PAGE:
Each summer, Licking Memorial Health Systems (LMHS) medical professionals present several camps providing local youth the opportunity to learn about various health topics including asthma, cancer and diabetes, along with additional information concerning how to stay healthy. The camps also provide an opportunity to participate in active play with other youth.
Camp Feelin’ Fine
In early June, Camp Feelin’ Fine helped local children care for their asthma – a condition that inflames and obstructs the airways in the lungs – with an annual day-long agenda comprised of educational games and activities. Approximately 40 children attended this year’s event on June 3 at Infirmary Mound Park, south of Granville. During the camp, youth participated in activities to further asthma education, help manage their symptoms and provide an opportunity to interact with others who also have the illness. Licking Memorial Pediatrician Richard A. Baltisberger, M.D., and members of the Licking Memorial Respiratory Therapy Department taught participants ways to avoid common “triggers” of an asthma attack, such as pollen, strenuous exercise, dust and pet dander.
The Respiratory Therapy Department at LMH is staffed with state-licensed respiratory care professionals who work under the direction of a physician and assist with the diagnosis, treatment and management of patients with pulmonary disorders. Acute attacks, in which airflow is severely restricted, can be life-threatening if left untreated. Symptoms of an asthma attack can include: coughing, irregular or labored breathing, wheezing, frequent clearing of the throat, and chest tightness. If a child who has not previously been diagnosed with asthma exhibits these symptoms, consult a pediatrician or family physician for a complete evaluation.
On July 15, youth, ages 7 to 12, who have had an encounter with cancer – whether personally or through a close friend or family member – are invited to attend Camp Courageous, a day camp with a superhero theme designed to reduce stress and anxiety due to the uncertainties of the disease. D’Anna N. Mullins, Ph.D., M.D., of Licking Memorial Hematology/Oncology, will educate participants about cancer, hand washing and nutrition. Children are encouraged to imagine their own superhero and create a variety of crafts to represent the hero. The event schedule also will include healthy snacks, numerous activities, water games and a presentation on overcoming fear. To register for Camp Courageous, please call Licking Memorial Hematology/Oncology at (220) 564-1890.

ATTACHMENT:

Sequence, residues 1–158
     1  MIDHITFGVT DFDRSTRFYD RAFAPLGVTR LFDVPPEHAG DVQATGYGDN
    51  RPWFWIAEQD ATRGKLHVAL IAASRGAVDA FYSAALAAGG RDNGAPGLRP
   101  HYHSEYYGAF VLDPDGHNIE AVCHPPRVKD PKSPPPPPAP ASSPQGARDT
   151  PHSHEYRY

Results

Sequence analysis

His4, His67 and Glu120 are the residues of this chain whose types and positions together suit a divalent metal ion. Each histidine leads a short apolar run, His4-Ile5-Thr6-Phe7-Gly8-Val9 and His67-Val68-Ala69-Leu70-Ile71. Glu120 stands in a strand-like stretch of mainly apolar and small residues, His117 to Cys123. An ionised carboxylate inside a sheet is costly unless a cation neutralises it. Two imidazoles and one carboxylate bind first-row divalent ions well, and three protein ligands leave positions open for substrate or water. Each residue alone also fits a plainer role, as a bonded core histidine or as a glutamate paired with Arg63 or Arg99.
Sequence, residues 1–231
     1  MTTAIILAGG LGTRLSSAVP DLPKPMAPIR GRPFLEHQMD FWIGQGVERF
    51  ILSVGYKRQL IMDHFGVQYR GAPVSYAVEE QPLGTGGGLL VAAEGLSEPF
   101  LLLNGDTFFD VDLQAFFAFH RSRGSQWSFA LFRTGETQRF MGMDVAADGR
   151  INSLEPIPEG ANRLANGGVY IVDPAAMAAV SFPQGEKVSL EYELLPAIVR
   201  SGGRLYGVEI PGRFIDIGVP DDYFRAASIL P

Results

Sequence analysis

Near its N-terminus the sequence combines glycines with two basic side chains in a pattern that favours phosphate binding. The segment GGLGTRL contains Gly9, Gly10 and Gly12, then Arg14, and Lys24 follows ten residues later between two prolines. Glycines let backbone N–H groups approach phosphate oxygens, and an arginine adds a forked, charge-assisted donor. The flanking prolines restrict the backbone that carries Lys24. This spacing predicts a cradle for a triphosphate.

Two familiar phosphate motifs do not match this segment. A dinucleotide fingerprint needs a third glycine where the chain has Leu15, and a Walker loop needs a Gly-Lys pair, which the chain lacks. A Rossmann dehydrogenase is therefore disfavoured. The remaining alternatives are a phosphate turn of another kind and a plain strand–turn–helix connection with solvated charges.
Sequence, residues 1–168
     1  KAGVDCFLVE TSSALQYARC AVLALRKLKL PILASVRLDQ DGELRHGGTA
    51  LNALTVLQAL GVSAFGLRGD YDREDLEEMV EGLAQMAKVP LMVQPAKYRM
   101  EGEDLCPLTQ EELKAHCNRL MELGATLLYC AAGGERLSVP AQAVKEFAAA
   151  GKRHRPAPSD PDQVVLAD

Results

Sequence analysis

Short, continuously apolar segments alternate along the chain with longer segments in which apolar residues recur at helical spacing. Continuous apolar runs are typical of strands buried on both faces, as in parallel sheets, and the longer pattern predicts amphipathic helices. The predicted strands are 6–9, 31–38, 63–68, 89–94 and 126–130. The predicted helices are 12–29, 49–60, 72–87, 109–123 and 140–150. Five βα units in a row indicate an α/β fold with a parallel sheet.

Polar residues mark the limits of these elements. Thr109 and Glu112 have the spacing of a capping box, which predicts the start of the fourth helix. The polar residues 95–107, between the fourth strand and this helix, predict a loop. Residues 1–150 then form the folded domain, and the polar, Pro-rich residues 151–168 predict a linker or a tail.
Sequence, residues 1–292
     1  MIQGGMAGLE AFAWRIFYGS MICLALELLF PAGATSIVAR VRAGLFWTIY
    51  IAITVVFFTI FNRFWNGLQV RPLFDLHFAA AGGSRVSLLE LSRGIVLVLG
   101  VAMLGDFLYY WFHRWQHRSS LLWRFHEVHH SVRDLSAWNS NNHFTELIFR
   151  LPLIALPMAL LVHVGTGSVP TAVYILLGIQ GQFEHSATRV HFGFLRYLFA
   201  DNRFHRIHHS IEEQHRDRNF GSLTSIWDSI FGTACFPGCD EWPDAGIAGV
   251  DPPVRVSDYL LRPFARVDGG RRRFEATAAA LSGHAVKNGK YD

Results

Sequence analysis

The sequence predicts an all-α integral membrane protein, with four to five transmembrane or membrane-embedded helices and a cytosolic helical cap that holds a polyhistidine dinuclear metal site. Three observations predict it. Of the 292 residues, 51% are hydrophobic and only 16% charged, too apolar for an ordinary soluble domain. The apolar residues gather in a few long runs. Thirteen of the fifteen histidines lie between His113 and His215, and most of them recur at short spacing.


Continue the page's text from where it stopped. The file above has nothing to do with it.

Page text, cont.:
On July 29, LMHS will offer Camp A1c, a one-day camp comprised of dinosaur-themed fun activities and educational presentations focused on diabetes. Youth participants will spend the day engaging in games and discussions to learn more about diabetes, manage their carbohydrate ratio and insulin use, and interact with others who also have diabetes.
Diabetes is a long-term health condition that causes high blood sugar and inadequate insulin levels in the body. A patient’s body either does not make adequate levels of insulin, or their body does not respond well to insulin. Those with diabetes must ensure proper blood-glucose levels and follow a special diet. The most common symptoms of diabetes include: unusual weight loss or gain, disproportionate thirst, cuts and bruises that don’t heal properly or quickly, and numbness in the hands or feet. If a child who has not previously been diagnosed with diabetes exhibits such symptoms, consult a pediatrician or family physician for a complete evaluation. Please call Licking Memorial Community Case Management at (220) 564-4915 to register for Camp A1c.
All summer camps will be held from 9:00 a.m. to 3:00 p.m. at Infirmary Mound Park. The camps are free, however, space is limited and registration is required.